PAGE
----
We are abandoning our plan to deposit our insurance checks electronically. Find out why… We also discuss a way to save money on disposing of those wasted medications without having the corporate medical waste companies gouge you with their programs…this alone is worth the listen. Check it out on episode 31 of Business of Dentristy!
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Today I’m updating you on a few practices we’ve been trying out in my office: electronic deposits of insurance checks (versus in-person deposits) and medical waste disposal.
On a previous episode I received a question from a listener about whether or not I scanned checks electronically and deposited them. I explained on the show that I did electronic depsoits for over the counter personal checks but not insurance checks. I also explained I would look into doing so for insurance checks.
I did, I received a referral to a service provider that could do electronic deposits for us in conjunction with the system we have that runs our debit and credit cards. After going over the details I decided we’d give it a try for a few weeks. On June 1st we had the systems in place and started to make electronic deposits of insurance checks.
Two weeks later my office manager and I had to really dig into some issues that had cropped up. We had been getting letters saying the insurance checks weren’t being honored. All the checks went through, showed up as deposits in our business account, but when the request would get through to the insurance company’s bank they weren’t honoring the check and were kicking it back.
So at that point the money was being deducted from our business account, a frustrating experience to say the least.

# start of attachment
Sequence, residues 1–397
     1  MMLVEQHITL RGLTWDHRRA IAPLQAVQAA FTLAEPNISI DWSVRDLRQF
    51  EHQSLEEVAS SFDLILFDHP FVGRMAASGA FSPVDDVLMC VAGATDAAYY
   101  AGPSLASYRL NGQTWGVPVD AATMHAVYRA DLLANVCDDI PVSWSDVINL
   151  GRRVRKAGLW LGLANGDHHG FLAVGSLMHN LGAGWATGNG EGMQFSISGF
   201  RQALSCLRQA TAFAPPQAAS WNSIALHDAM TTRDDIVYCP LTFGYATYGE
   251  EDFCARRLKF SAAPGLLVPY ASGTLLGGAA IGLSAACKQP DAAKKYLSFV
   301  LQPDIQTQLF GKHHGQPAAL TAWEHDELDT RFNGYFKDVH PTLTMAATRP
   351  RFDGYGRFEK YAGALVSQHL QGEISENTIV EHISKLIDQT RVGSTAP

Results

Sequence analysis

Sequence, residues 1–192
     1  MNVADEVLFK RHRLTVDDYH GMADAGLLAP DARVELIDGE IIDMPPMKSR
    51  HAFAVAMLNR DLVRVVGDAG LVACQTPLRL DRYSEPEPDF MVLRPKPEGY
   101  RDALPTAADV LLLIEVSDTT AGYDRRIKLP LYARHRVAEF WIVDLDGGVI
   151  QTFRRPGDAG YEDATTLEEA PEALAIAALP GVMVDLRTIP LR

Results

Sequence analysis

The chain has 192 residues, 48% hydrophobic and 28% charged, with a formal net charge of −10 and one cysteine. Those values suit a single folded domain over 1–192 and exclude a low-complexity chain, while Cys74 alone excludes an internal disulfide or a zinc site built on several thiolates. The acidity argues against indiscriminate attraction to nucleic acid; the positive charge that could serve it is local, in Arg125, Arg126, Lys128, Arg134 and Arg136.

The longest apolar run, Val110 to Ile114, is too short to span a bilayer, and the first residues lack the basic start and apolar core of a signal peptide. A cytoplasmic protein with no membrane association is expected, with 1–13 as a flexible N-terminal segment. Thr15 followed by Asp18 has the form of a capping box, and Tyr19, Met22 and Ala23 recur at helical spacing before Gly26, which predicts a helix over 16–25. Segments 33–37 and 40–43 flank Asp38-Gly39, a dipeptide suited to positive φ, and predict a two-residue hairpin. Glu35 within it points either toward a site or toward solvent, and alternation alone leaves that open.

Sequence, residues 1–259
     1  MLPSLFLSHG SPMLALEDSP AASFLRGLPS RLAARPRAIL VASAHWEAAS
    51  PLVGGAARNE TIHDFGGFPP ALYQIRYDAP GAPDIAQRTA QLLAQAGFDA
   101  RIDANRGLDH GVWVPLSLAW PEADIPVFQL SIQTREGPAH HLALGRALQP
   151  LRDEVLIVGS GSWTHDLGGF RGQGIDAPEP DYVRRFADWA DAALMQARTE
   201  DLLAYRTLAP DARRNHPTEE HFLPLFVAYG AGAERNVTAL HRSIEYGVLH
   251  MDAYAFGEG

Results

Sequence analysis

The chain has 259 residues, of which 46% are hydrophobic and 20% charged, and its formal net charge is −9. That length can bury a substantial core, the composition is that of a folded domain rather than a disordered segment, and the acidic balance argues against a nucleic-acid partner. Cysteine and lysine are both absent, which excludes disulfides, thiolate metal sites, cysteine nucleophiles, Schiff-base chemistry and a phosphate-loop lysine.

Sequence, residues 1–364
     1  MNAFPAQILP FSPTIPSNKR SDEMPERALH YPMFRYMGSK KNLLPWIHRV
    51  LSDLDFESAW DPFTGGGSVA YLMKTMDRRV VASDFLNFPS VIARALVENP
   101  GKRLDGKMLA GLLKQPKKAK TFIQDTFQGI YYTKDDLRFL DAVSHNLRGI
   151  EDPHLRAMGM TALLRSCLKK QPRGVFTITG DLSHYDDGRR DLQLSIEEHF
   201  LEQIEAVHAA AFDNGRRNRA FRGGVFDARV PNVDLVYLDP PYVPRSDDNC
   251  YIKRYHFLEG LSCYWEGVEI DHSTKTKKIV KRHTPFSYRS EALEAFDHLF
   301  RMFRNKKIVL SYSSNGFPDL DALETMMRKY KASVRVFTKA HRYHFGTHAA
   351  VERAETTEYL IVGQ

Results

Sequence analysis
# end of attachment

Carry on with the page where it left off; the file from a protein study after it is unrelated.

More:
Even with some digging by my office manager, Paul, we couldn’t find out what was going wrong exactly. We knew the money went to my account but the bank the insurance company sent the check from was rejecting the request for an electronic funds transfer. When that rejection occurred then the money was pulled out of my business account.
It was happening with about 20% of these checks, so not all of them but enough. Fortunately we were holding on to the paper checks just in case something went wrong.
My experience with this way of depositing insurance checks is that it isn’t worth it. Granted it was a narrow window of 2 weeks, but the 20% return rate of the checks was just too high to continue this practice. Until we can dig into this more we’ve stopped electronic deposits of insurance checks. We will either take paper checks or sign up with direct deposits with insurance companies.
If you have different information or have had a different experience, I’d love to hear from you. And if something has worked for you I’d love to know about it! Leave a comment below or email me with your experience.
Also on today’s show I weigh in with my thoughts on medical waste disposal (ie what to do with unused drugs from your practice). I think disposing of unused drugs is very important, and I explain some options I’ve explored. I’ll also get into my personal history of owning a small medical waste company and some of the more unscrupulous practices that I think are happening in that industry.
To hear about all of that and more listen in to episode 31 of Business of Dentistry.
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